Moreover, as has been observed by numerous disaster response professionals and former related KMT and DPP government officials, the central government disaster response established after the Sept. 21, 1999 earthquake and progressively rationalized under the former DPP administration are still in place but "vanished" after Typhoon Morakot struck Aug. 8. The reason for the deteriorating function of these mechanisms beginning with Typhoon Fung-Wong last July and worsening in Typhoon Morakot lies in the identity of the new leaders at the helm of our disaster response system from President Ma Ying-jeou and Premier Liu down.As the article observers, so far only the Deputy Foreign Minister has resigned and been accepted -- not because he failed the people of Taiwan, but because the Administration suffered embarrassment in its relations with the outside world. Note that not only did Vice Premier Yu resign over the botched Pachang River rescue but then KMT premier Tang, serving under President Chen, also offered to resign (Tang offer). But that was then...
No matter how "professional" or "competent" KMT senior leaders believe themselves to have been in the 1980s and 1990s during KMT one-party rule, their ingrained bureaucratic, passive, secretive and hierarchal mentality has proven to be dysfunctional in Taiwan's democratic society in the 21st century.
There can be scant hope for the renewal of public confidence in the central government's capability to respond to crises until Liu and other incompetent leaders, including at minimum the ministers of defense, interior economics, foreign affairs, agriculture and justice along with the secretary-generals of the National Security Council and the Executive Yuan. Moreover, the lack of both empathy and political morality displayed by Ma and other KMT leaders will only undermine confidence in their future leadership.
Many Taiwan citizens recall that then Democratic Progressive Party vice premier Yu Shyi-kun resigned office immediately nine years ago after the death of four construction workers who were swept away in a flash flood in the Pachang River after the then KMT-run Chiayi County government, the National Fire Administration and the Air Force failed to coordinate a rescue effort. The subtext in the message sent yesterday by Ma's scarcely veiled hint that Liu and his Cabinet will remain in office indefinitely will be quite clearly read by the rest of the KMT bureaucracy and by Taiwan's public.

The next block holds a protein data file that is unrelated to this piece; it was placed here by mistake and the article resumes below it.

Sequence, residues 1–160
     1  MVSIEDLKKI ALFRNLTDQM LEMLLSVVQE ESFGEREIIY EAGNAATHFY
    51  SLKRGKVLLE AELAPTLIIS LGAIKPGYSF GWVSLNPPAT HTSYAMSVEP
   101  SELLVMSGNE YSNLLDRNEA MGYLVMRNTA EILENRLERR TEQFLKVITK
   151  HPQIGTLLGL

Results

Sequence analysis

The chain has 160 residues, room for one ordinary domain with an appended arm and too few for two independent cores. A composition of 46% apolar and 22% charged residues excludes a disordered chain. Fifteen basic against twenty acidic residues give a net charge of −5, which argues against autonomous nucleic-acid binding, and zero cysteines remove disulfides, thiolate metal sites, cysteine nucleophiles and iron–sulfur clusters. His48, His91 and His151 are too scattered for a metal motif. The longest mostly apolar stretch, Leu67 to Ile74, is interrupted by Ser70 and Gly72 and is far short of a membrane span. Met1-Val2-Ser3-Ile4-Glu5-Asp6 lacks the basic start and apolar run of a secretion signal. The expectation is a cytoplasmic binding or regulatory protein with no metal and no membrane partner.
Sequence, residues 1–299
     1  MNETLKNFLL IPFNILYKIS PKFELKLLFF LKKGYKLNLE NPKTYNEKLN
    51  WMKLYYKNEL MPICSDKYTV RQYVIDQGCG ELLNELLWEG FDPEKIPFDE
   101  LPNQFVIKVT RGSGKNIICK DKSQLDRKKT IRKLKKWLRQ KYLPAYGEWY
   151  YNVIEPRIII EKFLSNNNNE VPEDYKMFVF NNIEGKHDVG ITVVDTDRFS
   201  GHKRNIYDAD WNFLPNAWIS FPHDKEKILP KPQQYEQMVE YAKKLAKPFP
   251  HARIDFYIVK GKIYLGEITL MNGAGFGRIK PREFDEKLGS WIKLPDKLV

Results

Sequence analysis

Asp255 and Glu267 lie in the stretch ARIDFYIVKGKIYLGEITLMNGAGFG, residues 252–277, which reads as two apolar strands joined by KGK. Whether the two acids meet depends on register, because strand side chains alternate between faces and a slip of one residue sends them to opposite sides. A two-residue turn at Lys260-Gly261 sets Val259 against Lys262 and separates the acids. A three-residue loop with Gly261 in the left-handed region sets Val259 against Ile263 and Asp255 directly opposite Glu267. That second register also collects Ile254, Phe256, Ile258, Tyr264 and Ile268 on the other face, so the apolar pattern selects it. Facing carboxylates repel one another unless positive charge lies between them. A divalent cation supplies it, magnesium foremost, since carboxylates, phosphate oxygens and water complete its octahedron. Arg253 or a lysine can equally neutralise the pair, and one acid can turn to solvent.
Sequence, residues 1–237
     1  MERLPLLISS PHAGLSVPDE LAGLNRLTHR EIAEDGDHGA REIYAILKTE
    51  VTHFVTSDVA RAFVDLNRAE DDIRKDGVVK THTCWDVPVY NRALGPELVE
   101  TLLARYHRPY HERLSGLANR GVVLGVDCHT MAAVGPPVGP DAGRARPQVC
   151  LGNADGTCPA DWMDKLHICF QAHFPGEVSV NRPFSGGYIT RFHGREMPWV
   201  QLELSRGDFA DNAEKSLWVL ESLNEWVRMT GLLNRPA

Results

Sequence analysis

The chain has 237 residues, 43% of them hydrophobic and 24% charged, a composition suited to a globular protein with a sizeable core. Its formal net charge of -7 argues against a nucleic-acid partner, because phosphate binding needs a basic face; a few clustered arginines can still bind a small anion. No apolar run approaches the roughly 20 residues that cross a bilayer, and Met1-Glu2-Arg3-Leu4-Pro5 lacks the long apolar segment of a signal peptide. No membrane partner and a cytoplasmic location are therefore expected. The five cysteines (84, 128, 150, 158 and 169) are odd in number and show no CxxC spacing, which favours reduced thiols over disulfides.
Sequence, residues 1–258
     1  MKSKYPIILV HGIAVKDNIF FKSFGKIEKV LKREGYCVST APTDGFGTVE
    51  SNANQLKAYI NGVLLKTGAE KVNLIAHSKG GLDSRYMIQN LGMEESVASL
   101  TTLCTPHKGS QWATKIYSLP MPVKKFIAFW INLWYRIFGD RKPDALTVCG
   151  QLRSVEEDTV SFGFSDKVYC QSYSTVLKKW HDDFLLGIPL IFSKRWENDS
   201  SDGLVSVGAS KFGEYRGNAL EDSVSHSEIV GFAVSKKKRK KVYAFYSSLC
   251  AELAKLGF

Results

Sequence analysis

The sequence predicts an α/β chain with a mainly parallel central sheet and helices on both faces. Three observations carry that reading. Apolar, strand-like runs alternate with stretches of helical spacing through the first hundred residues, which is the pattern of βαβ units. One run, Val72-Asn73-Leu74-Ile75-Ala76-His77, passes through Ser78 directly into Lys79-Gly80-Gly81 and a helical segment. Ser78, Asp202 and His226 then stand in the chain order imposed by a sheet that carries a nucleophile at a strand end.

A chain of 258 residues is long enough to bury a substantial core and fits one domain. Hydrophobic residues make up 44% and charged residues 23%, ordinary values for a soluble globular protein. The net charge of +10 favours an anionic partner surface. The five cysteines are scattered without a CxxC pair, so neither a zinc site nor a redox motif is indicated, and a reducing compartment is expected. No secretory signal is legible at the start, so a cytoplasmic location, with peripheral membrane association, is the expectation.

That message is simply that while a DPP vice premier resigned after the tragic death of four Taiwan workers, Ma and the ruling KMT do not believe there is any obligation for a KMT premier to step down from office after the deaths of over 400.
Ma is in a somewhat awkward position -- during the campaign one of the criticisms he made of the DPP administration was the constant reshuffling of the cabinet. But it has become apparent that heads must roll, as confirmed by Premier Liu yesterday in the news conference:
Premier Liu Chao-shiuan stated yesterday afternoon that his Chinese Nationalist Party (Kuomintang) administration will experience a "comprehensive re-examination and reorganization in September" in the wake of intense public criticism of its performance in responding to Typhoon Morakot, whose torrential rains and landslides left over 400 dead and over NT$10 billion in agricultural damage.For some months several long-time observers I know have been arguing that Ma would restructure the cabinet to bring in a more Taiwanese-oriented crew to address the elections at the end of the year. This typhoon has handed them the perfect excuse.
And no, I don't think the failures here will have much effect on the elections. People here vote locally for local reasons, and flows of cash, patronage networks, and party structure on the ground will outweigh the effect of this mess on the KMT. But hopefully I will be wrong.
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